We have here an account of those who were active in perfecting the settlement of David upon the throne, after the death of Ishbosheth. We read (1 Chron. 11:1; and before 2 Sam. 5:1) that all the tribes of Israel came, either themselves or by their representatives, to Hebron, to make David king; now here we have an account of the quota which every tribe brought in ready armed to the war, in case there should be any opposition, 1 Chron. 12:23. We may observe here,
I. That those tribes that lived nearest brought the fewest-Judah but 6800 (1 Chron. 12:24), Simeon but 7100 (1 Chron. 12:25); whereas Zebulun, that lay remote, brought 50,000, Asher 40,000, and the two tribes and a half on the other side Jordan 120,000. Not as if the next adjacent tribes were cold in the cause; but they showed as much of their prudence in bringing few, since all the rest lay so near within call, as the others did of their zeal in bringing so many. The men of Judah had enough to do to entertain those that came from afar.
II. The Levites themselves, and the priests (called here the Aaronites), appeared very hearty in this cause, and were ready, if there were occasion, to fight for David, as well as pray for him, because they knew he was called of God to the government, 1 Chron. 12:26-28.
III. Even some of the kindred of Saul came over to David (1 Chron. 12:29), not so many as of the other tribes, because a foolish affection for their own tribe, and a jealousy for the honour of it, kept many of them long in the sinking interest of Saul’s family. Kindred should never over-rule conscience. Call no man Father to this extent, but God only.
IV. It is said of most of these that they were mighty men of valour (1 Chron. 12:25, 28, 30), of others that they were expert in war (1 Chron. 12:35, 36), and of them all that they could keep rank, 1 Chron. 12:38. They had a great deal of martial fire, and yet were governable and subject to the rules of order—warm hearts but cool heads.
V. Some were so considerate as to bring with them arms, and all instruments for war (1 Chron. 12:24, 33, 37), for how could they think that David should be able to furnish them?
VI. The men of Issachar were the fewest of all, only 200, and yet as serviceable to David’s interest as those that brought in the greatest numbers, these few being in effect the whole tribe. For, 1. They were men of great skill above any of their neighbours, men that had understanding of the times, to know what Israel ought to do. They understood the natural times, could discern the face of the sky, were weather-wise, could advise their neighbours in the proper times for ploughing, sowing reaping, etc. Or the ceremonial times, the times appointed for the solemn feasts; therefore they are said to call the people to the mountain (Deut. 33:19), for almanacs were not then so common as now. Or, rather, the political times; they understood public affairs, the temper of the nation, and the tendencies of the present events. It is the periphrasis of statesmen that they know the times, Est. 1:13. Those of that tribe were greatly intent on public affairs, had good intelligence from abroad and made a good use of it. They knew what Israel ought to do: from their observation and experience they learned both their own and others’ duty and interest. In this critical juncture they knew Israel ought to make David king. It was not only expedient, but necessary; the present posture of affairs called for it. The men of Issachar dealt mostly in country business, and did not much intermeddle in public affairs, which gave them an opportunity of observing others and conversing with themselves. A stander-by sees sometimes more than a gamester. 2. They were men of great interests; for all their brethren were at their commandment. The commonality of that tribe having bowed their shoulder to bear (Gen. 49:15), the great men had them at their beck. Hence we read of the princes of Issachar, Jdg. 5:15. They knew how to rule, and the rest knew how to obey. It is happy indeed when those that should lead are intelligent and judicious, and those who are to follow are modest and obsequious.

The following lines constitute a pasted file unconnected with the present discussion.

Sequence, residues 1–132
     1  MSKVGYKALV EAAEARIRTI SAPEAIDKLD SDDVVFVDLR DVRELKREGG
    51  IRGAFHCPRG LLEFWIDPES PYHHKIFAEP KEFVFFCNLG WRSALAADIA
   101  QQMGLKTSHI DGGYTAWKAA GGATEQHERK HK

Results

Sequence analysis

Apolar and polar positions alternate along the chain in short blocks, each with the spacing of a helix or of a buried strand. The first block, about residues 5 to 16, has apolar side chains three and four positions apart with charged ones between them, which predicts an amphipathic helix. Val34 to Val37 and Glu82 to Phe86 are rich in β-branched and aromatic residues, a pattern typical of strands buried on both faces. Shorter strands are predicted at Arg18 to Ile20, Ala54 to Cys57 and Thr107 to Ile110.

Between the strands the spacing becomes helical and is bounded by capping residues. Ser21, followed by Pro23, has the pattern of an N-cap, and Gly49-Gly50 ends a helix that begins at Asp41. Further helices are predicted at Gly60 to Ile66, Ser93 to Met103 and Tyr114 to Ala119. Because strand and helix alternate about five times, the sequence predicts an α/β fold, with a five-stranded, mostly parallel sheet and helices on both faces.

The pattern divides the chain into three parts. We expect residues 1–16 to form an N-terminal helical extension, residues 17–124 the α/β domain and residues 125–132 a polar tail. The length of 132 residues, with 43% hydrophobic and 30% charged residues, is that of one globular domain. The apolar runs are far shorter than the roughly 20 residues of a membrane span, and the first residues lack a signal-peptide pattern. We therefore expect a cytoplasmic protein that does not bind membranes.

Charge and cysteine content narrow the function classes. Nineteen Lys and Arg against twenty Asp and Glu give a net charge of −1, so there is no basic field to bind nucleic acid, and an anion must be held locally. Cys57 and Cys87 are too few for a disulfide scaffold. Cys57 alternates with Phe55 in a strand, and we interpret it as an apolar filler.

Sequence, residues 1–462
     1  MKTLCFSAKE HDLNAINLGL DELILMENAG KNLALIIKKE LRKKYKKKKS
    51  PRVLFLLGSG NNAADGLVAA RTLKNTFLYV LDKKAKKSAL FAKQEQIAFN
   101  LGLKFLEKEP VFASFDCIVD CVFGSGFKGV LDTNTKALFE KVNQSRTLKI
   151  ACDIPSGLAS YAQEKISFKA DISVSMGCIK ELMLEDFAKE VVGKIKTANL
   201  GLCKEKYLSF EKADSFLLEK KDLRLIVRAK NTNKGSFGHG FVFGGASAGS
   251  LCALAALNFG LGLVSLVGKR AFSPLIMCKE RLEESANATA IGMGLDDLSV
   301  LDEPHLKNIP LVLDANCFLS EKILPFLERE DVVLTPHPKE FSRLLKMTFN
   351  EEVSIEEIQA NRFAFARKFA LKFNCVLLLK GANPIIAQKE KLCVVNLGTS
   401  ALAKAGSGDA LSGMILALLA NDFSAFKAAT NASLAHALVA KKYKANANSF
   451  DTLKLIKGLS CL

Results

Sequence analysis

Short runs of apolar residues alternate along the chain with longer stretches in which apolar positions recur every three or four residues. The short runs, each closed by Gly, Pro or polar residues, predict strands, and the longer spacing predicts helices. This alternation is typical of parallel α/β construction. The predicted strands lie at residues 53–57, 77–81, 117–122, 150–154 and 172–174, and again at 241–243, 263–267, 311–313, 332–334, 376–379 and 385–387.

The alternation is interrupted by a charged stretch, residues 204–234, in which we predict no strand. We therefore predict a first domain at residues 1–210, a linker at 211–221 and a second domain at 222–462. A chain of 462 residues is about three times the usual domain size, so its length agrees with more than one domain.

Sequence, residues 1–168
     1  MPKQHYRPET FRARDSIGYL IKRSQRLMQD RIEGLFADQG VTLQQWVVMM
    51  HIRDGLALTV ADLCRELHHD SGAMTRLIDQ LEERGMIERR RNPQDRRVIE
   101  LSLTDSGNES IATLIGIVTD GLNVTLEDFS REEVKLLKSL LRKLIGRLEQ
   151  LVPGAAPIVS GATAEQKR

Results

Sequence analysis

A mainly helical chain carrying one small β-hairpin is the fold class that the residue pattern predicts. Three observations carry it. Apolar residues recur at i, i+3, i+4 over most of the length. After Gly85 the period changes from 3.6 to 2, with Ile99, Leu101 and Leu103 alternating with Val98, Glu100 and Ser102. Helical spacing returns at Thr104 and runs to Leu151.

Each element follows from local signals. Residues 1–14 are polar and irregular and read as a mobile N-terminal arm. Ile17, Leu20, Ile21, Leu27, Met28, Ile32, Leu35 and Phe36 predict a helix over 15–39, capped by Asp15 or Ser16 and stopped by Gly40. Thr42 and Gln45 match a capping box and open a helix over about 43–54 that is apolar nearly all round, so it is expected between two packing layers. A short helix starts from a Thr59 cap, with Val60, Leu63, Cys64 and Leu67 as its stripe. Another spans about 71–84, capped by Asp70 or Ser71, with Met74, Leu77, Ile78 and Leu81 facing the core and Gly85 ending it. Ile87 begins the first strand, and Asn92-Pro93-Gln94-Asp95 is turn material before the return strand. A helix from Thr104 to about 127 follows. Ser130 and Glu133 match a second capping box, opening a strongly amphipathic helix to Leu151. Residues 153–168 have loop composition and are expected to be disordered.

VII. It is said of them all that they engaged in this enterprise with a perfect heart (1 Chron. 12:38), and particularly of the men of Zebulun that they were not of double heart, 1 Chron. 12:33. They were, in this matter, Israelites indeed, in whom was no guile. And this was their perfection, that they were of one heart, 1 Chron. 12:38. None had any separate interests, but all for the public good.
VIII. The men of Judah, and others of the adjacent tribes, prepared for the victualling of their respective camps when they came to Hebron, 1 Chron. 12:39, 40. Those that were at the least pains in travelling to this convention, or congress of states, thought themselves obliged to be at so much the more charge in entertaining the rest, that there might be something of an equality. A noble feast was made (was made for laughter, Eccl. 10:19) upon this occasion, for there was joy in Israel, 1 Chron. 12:40. And good reason; for when the righteous bear rule the city rejoices. Thus, when the throne of Christ is set up in a soul, there is, or ought to be, great joy in that soul: and provision is made for the feasting of it, not as here for two or three days, but for the whole life, nay, for eternity.
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